I hope more people will embrace technology to make their lives easier. One development I would like to see is more friendship sites like this one.

I rarely get the opportunity to speak with other people, especially those of my own age and interests. Gransnet is a lifeline to me. While my OH has his nose in a book or watches tv I am sharing in the lives of another community.

NanaMacGeek Sat 19-Nov-16 22:48:31

We on Gransnet are the lucky ones. I volunteer for a charity that supports people with their technology but am aware, however hard I try, that some will try but not succeed and give up. Some of my customers are isolated, carers for their spouses, unable to get out and access services. I see them as being disenfranchised. I'm angry that the equipment designers, service providers and programmers have no idea how to make the technology that we are using here, accessible to everyone. Network providers should not just provide a data connection and a router but a complete set-up, including a secure tablet that just works with plenty of support too. Oh well - rant over! blush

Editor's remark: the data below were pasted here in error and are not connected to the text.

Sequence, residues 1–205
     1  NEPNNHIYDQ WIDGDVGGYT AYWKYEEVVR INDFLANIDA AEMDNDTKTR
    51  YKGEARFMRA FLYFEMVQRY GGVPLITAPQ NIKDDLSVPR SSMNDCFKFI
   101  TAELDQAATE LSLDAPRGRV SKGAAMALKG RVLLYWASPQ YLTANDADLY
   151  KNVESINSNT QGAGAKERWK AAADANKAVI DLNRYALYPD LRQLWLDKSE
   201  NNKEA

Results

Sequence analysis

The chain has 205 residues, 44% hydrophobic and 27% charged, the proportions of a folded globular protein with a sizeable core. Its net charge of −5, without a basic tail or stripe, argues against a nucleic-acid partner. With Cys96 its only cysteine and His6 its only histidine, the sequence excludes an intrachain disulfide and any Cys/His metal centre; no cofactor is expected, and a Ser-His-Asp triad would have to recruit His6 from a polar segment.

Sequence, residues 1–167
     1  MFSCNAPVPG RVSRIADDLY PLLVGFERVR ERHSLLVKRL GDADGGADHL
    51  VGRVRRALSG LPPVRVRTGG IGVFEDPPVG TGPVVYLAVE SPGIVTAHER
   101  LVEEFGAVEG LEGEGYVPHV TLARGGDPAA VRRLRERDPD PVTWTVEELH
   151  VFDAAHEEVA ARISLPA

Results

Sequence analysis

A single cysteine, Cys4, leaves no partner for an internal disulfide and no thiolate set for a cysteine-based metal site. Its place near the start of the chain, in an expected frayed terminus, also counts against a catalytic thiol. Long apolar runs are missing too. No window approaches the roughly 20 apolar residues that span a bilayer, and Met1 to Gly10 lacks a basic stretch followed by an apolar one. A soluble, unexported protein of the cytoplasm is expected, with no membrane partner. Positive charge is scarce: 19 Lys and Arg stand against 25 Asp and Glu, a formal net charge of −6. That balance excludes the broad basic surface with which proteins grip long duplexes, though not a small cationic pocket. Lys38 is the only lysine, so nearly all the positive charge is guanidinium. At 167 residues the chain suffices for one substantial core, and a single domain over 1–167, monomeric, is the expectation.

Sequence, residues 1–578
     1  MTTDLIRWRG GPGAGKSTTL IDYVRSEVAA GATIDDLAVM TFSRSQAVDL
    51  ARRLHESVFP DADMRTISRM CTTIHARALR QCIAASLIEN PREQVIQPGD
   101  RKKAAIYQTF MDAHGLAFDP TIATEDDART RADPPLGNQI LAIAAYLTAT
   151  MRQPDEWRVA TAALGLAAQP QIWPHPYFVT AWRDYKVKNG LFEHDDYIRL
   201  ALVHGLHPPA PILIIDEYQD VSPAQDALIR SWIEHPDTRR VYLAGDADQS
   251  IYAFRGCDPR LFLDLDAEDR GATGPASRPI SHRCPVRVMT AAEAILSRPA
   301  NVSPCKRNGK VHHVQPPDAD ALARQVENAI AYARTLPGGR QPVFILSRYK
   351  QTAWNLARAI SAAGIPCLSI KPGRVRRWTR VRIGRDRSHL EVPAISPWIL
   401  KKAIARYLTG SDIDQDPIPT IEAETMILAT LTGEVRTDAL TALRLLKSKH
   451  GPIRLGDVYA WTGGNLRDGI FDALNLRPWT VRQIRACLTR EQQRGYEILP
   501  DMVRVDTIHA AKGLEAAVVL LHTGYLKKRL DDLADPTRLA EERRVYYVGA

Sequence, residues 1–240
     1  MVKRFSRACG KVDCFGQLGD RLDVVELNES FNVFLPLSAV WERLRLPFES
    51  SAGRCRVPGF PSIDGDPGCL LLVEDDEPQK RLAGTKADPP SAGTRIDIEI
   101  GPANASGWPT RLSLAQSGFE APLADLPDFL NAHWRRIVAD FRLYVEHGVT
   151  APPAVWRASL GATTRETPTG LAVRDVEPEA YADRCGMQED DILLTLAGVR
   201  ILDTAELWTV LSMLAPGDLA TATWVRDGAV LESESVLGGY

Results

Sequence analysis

br0adwater Sat 19-Nov-16 23:17:29

Anniebach, while temporarily without broadband I'd recommend getting a pay as you go dongle from Vodafone. It's like a large memory stick you plug into the PC or laptop. It's not up to streaming tv or skype but ok for emails, radio and GN. £10 at Argos

Christinefrance Sun 20-Nov-16 08:43:59

I can see all the benefits of this technology but I do worry that a lot of people will become isolated from normal human contact. The world of the Internet is not a real one and for some people it becomes their mainstay, maybe I'm just old fashioned though.

annsixty Sun 20-Nov-16 09:11:48

I would love to get out
and interact with people more but it isn't possible much of the time.
I do talk to family and friends on the phone but even that is sometimes difficult as my H has paranoia as one of his symptoms, so will stand at my shoulder or talk at me whilst I am on the phone.
To disappear in to the bathroom with my small tablet or when in bed is my chance to e-mail and "chat" and unload or unwind.
That is one of the benefits of technology for me and millions of other isolated people. Don't knock it until you have tried it.

br0adwater Sun 20-Nov-16 09:27:33

Annsixty flowers
you are quite right, it's a life saver for so many people

Mumsy Sun 20-Nov-16 09:36:26

I really dont know how I would manage if I didnt have the internet, due to ill health I have no choice but to do all my shopping and comunicate with the outside world on my computer, its my life line!